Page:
What will happen to the stock market if the PM resigns?
In 2007, I underwent a six-hour-long marathon panel interview at the London office of one of the (then) largest hedge funds in Europe called XYZ Capital*. A senior partner – perhaps a PhD holder – drew the entire map of the Middle East, East Asia and Europe, and tested my knowledge about the current affairs of each country turn by turn.
After a gruelling session, the partner remarked,
“An investor may have the best of quantitative minds but markets don’t make sense if the political factors don’t make sense.”
I engraved it then but have only felt it now.
Surviving through the minor speed breakers in the earlier long marches by Imran Khan this summer, the beast in the Karachi Stock Exchange (KSE) roared to shed 1309 points or five percent in a single day and surprisingly reminded the risk-seekers that it is never a one-way ride.
A country of 180 million people – rather unpolished human capital – has had one the lowest growth rates in the region for decades. Spiralling inflation, obdurate poverty rates, oceans of unemployed youth and, of course, our generosity towards the idea of population growth rate has rendered the country with a do-it or leave-it dilemma.
Nailing out all the pros and cons, the current stock market posted exceptional returns solely because of a smooth transition from one elected party to another. As I had articulated in my previous blog, the index continued to march upwards from those levels, riding comfortably on both economic as well as political stability.
However, that very rare achievement is at stake today and outcomes of the following scenarios can lead to further instability.
– The Pakistan Tehreek-e-Insaf’s (PTI) demand for the prime minister’s resignation gets accepted. Though this is exceedingly unlikely to happen, the effect of it will be extremely turbulent if it did.
– PTI’s demand for mid-term elections gets accepted. This will lead to prolonged instability amidst foreigners’ dismay.
– PTI accepts judicial commission but the realisation of unverified votes leads to resignation or further confrontation. This is a distant possibility.
– A best case scenario that no one can extrapolate – after all, politics is a game of deal-making!
All of the above possibilities predominantly lead to one destination – instability.
Nonetheless, the investors should assuredly heave a sigh of relief that the current stock market operations are much more resilient than they were during the fragility of 2008’s crises.
This is owing to the following factors:
– The leverage in the market is phenomenally lower than the past crises.
– The market operations have been frozen by the regulator, thereby preventing opportunities of a safe exit.
– Back in 2008, global financial crises led to protracted de-rating and bearish equity valuations across the world.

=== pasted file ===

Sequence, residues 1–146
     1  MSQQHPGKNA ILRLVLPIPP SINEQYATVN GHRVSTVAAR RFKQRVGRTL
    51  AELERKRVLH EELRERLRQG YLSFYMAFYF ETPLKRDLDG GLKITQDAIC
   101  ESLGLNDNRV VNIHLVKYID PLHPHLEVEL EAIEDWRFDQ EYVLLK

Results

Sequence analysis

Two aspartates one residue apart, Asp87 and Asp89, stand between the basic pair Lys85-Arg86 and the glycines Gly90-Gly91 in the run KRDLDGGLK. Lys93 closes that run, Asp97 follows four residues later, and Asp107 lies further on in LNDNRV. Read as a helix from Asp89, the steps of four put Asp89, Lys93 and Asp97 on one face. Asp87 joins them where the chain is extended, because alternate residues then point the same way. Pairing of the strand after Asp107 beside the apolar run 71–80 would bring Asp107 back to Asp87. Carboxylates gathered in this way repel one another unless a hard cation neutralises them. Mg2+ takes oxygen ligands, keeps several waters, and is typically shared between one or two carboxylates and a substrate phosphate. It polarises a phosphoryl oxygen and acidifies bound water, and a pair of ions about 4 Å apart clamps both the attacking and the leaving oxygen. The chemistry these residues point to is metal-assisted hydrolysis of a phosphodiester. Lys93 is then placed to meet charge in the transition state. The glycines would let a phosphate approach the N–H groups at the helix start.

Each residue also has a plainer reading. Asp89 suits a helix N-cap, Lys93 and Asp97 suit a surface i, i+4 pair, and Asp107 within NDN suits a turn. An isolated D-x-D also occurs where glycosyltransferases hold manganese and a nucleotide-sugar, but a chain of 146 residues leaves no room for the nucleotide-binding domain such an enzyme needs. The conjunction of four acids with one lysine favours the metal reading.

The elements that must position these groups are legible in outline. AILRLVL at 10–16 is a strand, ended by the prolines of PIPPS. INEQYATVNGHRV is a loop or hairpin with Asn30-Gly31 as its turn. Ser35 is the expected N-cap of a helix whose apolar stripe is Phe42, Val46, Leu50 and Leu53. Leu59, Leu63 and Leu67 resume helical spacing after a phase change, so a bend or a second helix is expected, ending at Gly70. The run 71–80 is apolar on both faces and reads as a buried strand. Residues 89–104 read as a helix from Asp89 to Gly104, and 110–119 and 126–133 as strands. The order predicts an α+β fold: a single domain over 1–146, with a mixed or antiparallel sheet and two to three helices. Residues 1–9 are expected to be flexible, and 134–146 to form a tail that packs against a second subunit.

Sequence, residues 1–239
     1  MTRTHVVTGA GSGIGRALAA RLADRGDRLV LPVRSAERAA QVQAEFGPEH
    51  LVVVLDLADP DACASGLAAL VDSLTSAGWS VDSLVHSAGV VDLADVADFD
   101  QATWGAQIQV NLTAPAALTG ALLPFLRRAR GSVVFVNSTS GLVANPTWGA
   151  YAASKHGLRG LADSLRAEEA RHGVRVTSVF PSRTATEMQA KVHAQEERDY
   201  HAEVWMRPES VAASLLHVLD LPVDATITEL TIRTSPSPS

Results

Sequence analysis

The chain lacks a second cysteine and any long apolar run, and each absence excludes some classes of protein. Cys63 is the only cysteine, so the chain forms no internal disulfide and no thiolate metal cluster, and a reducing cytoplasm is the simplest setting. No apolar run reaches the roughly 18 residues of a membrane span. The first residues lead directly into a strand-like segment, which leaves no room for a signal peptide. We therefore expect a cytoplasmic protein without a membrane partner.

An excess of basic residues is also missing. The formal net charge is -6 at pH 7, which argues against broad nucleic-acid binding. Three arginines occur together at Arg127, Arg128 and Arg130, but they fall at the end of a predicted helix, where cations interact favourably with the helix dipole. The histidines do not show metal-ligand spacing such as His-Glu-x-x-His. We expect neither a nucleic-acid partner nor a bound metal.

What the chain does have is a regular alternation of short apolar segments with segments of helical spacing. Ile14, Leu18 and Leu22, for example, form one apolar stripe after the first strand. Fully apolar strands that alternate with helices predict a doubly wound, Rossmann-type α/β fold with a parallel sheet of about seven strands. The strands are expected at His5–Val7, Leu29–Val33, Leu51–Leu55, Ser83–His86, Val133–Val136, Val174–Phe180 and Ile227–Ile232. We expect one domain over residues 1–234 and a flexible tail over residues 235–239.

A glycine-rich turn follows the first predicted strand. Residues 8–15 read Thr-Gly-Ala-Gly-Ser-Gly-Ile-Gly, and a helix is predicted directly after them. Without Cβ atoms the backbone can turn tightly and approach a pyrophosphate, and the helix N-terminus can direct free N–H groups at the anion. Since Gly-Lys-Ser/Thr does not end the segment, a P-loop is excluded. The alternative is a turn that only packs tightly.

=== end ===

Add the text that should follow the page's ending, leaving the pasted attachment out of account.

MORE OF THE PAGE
– Global oil prices were touching $150/barrel in 2008, thus draining the foreign exchange.
– The risk management practices adopted by the Stock Exchange have become far more prudent to prevent excessive risk taking and animal spirits.
– In 2008, the country had recently recuperated from the tragic assassination of Benazir Bhutto.
Keeping the above factors in mind, the investors should derive an ounce of comfort that a political crisis at these junctures may not be a repeat of the previously envisioned outright collapse of the stock market. On the contrary, following are the considerations that one should be well versed with at these levels:
– The market is still operating (adjusting for anomalies) at forward earnings multiple of 8.5x – assets earning Rs10 are being traded at Rs85.
– Some quality shares, such as power, oil and banking sectors are offering more than 10% dividend yield on a consistent basis.
– Global coal prices are at rock bottom levels, thereby, enhancing the margins of cement players.
– Businesses with lower earnings risk should be held with a perspective of longer term investment.
– Stocks with low liquidity/volumes should be eschewed as you may have to incur +10% losses merely to sell your investments worth a few million rupees.
– Some middle sized companies with vacillating profitability trade at price to earnings ratios of 20-30. These valuations are highly subjective and symptomatic of the investors’ optimism about the future earnings growth. In times of instability and earnings risk, these stocks conveniently lose more than 30% to 40% abruptly.
– Avoid over-exposing yourself to an unwarranted leverage. With 200% leverage, a 10% decline in the value could erode 30% of your investment. A word of caution – your broker is concerned with his commission not with your profit or loss. There is an inherent conflict of interest as he/she would want to earn higher commission and may tempt you to take financial leverage and trade more excessively.
To sum up, the stock market should not be tapped as a gambling table where people put their chips, lose out and come back when they have more money. In fact, it should be used as an investment vehicle to participate in the growth of the corporations and supplement your personal wealth. If the investor shifts the risk and return-seeking appetite from animal to human spirits then the market does continue to enrich the masses. A word of caution to conclude,
“Investors are loss-averse, not risk-averse. If an investor makes 30% profit, he would find it hard to let go of further greed, precisely as he should. However, if an investor incurs a 15% loss, he would find it hard to buy shares, when he really should do”.
*Names have been changed to protect identities
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